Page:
I lie in bed between the realms of subconscious and awake. Cocooned under covers, eyes closed in the darkness of the room, curtain tight against the late rising sun. At first, I thought I was stirred by my stomach, wretched unknown illness plaguing me for weeks. But my stomach makes no noise. Only my mind, a will of its own.
Words, from a year and a half, more than that now—twenty-two months—of wrestling with my God and falling apart, falling deeper into myself, and I understand what must be said. No life story, no microscopic observation of poetic details of the day, but the rumble of my universe, cosmic thunder within. The struggles that never seem to end with my move, my faith, myself. All in the city that burns.
This is breaking point between two halves—all I used to know, all that raised me and drew me in my Wisconsin persona, and all that is strange and unfamiliar to my bones. I am two halves cut clean through. And though I do not know what all to say, I trust that words will come as I need them. And I trust my God will give them to me, because I am learning to believe in His untamed, unregulated character. The one that is as raw as my own soul, scratched like sandpaper hard for three years.
I am no stranger to pain. And somewhere hiding deep inside, I am no stranger to pleasure as well. There I must strain to find the balance, the scales steady across my palm. What I have known of hurt and aloneness, I must also have known of joy and intimacy.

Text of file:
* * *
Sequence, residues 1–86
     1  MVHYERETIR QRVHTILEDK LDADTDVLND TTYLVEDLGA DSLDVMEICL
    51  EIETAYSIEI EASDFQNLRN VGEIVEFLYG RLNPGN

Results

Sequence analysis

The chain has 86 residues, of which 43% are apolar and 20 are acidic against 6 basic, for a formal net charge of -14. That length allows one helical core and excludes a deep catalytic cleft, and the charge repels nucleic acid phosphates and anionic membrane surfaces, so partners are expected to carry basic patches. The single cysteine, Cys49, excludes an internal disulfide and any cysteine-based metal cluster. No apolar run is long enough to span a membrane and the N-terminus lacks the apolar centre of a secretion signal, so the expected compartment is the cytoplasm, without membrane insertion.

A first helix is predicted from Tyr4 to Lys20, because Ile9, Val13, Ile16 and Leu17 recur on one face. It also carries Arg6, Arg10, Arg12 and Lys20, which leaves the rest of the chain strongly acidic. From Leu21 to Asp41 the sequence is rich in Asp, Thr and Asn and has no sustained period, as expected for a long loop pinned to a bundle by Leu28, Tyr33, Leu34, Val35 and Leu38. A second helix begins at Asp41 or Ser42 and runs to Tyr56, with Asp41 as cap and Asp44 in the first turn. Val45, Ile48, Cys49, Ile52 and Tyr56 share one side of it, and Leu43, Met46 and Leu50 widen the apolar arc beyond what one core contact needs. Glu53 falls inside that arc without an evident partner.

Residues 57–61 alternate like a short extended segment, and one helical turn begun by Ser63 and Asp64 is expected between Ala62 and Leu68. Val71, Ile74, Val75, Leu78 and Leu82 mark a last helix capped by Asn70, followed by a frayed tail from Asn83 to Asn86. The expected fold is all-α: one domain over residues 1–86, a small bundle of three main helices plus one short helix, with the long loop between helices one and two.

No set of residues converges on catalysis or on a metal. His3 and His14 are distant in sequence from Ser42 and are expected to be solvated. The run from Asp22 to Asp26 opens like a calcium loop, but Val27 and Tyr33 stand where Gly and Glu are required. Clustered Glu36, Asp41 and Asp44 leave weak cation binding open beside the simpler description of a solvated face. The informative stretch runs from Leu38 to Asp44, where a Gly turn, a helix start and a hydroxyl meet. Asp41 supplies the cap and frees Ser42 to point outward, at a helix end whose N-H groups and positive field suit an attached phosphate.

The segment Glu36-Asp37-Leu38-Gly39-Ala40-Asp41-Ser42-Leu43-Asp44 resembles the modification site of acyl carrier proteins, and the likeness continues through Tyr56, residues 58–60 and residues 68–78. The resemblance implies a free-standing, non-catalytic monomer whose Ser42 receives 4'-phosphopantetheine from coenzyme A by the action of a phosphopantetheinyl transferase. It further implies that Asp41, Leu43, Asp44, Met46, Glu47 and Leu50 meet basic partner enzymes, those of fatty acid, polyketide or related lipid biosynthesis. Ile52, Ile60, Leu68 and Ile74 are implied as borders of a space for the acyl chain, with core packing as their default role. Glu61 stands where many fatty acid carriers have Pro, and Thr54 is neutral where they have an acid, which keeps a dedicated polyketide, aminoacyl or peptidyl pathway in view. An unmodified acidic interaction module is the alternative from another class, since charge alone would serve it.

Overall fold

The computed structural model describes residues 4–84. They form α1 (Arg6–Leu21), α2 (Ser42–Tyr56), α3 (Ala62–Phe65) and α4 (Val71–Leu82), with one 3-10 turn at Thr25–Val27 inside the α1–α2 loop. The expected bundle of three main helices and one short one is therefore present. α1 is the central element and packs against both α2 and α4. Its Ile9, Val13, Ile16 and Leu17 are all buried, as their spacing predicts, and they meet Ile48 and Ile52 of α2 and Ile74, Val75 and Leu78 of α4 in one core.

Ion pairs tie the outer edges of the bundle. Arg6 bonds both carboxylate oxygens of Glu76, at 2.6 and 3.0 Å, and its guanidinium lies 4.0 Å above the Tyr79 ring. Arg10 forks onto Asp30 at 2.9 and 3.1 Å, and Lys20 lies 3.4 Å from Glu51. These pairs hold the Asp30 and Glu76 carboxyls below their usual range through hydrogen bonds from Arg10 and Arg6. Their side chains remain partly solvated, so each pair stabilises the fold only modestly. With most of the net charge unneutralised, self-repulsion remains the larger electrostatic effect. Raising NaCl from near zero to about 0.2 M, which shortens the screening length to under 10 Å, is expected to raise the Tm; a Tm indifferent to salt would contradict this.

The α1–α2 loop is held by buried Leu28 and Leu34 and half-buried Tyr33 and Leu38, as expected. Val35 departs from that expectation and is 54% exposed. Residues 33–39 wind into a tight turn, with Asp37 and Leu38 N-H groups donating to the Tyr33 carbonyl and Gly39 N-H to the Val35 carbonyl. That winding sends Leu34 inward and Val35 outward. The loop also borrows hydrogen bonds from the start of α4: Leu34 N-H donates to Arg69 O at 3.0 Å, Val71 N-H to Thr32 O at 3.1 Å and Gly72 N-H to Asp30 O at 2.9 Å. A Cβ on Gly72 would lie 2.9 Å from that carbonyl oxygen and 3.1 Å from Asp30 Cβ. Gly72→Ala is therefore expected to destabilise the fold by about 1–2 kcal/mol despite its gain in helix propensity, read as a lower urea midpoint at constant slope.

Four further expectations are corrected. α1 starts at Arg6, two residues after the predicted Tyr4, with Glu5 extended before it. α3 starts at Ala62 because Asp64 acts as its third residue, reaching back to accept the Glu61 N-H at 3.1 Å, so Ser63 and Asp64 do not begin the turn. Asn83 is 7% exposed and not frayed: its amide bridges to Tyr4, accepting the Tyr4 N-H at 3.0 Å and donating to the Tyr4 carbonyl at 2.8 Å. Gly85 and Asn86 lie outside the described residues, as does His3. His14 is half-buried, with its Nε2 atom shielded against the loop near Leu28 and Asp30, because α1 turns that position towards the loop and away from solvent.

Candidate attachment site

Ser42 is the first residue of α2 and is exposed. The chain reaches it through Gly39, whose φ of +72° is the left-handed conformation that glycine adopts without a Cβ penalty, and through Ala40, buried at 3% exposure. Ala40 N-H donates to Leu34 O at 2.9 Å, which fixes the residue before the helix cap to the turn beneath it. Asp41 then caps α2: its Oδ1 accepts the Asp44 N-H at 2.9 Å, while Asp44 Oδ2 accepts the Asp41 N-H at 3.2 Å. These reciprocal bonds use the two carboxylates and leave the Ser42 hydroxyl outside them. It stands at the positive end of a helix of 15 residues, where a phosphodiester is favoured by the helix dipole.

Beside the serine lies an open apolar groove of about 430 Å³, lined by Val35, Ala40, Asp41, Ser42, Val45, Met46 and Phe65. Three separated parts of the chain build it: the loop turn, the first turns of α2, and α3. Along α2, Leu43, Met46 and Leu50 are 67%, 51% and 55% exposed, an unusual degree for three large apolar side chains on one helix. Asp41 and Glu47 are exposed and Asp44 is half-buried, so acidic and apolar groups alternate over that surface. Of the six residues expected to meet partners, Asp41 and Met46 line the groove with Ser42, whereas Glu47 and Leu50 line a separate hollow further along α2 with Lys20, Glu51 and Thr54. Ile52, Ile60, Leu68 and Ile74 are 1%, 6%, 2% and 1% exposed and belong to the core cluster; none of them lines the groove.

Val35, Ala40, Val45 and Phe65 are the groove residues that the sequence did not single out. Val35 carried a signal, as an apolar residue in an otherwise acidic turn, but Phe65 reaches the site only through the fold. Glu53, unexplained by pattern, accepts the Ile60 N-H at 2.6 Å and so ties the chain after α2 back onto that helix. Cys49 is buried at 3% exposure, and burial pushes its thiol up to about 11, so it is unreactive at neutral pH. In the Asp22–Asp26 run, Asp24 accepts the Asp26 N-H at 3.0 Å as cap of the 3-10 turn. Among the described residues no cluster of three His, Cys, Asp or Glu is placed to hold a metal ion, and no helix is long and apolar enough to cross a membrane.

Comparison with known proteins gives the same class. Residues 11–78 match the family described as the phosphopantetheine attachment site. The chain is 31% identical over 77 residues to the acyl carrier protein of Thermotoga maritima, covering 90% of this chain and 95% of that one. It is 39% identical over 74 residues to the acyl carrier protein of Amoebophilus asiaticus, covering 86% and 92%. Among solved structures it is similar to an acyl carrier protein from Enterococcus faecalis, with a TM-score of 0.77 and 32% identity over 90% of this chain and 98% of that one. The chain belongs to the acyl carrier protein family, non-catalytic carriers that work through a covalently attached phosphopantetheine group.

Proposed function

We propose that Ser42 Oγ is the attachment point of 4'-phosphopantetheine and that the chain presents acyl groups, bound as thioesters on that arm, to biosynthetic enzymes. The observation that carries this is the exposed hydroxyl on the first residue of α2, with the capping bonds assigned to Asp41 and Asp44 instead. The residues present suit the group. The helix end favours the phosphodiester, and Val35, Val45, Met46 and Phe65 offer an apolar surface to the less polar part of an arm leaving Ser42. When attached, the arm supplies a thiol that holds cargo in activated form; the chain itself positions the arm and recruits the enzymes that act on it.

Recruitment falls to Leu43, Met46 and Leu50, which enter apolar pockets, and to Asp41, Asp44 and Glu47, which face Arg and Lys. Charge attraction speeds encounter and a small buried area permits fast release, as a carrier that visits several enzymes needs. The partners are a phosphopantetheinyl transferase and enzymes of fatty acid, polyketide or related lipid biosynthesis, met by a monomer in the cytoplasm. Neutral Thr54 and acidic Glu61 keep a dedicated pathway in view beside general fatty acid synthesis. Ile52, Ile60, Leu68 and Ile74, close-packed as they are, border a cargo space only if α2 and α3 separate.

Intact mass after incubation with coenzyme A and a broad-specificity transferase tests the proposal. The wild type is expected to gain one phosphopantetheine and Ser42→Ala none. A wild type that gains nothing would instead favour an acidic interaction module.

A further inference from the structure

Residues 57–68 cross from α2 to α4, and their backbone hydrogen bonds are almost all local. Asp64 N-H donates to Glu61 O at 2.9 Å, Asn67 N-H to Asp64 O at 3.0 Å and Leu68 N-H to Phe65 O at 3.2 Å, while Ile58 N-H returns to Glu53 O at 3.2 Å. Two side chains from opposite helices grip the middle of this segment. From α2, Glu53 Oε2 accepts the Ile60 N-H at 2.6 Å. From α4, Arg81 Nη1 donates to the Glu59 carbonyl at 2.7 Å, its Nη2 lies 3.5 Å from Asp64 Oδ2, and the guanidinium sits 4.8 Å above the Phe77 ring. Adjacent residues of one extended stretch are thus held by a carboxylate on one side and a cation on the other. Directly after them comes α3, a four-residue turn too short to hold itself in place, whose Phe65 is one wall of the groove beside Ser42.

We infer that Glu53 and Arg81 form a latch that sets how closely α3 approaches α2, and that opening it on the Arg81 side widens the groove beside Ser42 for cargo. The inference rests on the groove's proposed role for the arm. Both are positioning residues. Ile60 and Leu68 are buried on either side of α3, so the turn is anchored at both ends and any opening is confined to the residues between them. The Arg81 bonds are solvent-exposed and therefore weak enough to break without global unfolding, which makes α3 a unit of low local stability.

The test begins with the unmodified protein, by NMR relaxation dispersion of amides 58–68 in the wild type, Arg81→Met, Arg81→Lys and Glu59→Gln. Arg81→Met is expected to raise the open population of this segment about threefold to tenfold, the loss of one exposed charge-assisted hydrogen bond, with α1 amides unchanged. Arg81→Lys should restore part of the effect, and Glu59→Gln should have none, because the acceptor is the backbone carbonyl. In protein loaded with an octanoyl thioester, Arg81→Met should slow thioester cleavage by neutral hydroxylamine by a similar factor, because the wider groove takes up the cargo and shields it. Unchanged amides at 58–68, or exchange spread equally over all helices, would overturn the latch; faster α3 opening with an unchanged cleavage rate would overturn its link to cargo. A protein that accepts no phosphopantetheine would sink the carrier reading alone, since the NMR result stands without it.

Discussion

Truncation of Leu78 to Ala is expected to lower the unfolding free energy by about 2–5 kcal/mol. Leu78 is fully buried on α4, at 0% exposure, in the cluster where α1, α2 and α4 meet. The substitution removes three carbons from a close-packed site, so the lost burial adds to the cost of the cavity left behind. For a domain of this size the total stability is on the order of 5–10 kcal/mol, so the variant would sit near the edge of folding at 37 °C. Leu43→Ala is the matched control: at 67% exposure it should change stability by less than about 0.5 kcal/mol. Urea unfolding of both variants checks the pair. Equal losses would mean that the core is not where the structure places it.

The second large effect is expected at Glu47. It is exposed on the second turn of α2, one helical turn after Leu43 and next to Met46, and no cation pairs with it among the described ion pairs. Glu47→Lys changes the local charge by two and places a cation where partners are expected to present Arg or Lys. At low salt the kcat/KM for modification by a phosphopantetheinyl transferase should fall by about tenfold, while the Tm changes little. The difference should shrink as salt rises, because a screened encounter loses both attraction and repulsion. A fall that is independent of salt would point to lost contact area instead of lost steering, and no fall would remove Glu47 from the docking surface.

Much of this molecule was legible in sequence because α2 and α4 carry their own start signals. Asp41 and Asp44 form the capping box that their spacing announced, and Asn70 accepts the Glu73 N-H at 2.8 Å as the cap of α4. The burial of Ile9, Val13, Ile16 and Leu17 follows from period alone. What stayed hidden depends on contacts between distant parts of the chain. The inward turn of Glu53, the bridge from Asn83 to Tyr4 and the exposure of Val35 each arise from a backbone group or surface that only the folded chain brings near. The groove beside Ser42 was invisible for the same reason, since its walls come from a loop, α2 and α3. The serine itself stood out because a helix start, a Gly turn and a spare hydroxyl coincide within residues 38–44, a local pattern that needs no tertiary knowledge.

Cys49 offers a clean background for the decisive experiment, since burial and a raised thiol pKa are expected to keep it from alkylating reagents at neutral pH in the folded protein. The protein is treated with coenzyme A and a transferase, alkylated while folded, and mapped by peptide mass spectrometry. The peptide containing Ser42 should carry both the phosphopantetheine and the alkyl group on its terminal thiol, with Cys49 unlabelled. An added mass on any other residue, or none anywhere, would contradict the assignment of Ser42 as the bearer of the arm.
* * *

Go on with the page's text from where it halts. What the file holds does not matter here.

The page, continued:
This journey has threatened to break me twenty times over, maybe more. Still my God keeps bending, assessing my heart and turning it in His hand. I am not that pliable. He seems to think that I am.
My cheek nuzzles into cotton fabric of my pillow. I dig in further inside my bed. Sweet nothing hovering all around, tucked lightly inside my soul. This dark I have fled from, that I have screamed at in echoes, does not frighten me. I understand now its place in my world. At least, I am beginning to understand. I may never fully grasp its presence, why it has lingered, overstayed my hesitant welcome. But like the gray matter in my room, my soul incubates in the black light of its womb.
One last inhale of air through my nose, last remnants of delicious subconscious sway. My arm pulls back the quilts and I lean my legs over the edge, body sinking into the mattress. It is time to put these labored thoughts to rest, settle them softly in their crib of pages, and sing a mournful, beautiful tune to their tired ears.
Here is where I begin. The very best and very worse of the flesh-wrapped soul that is me. Or, rather, this new emergence of that which I am becoming.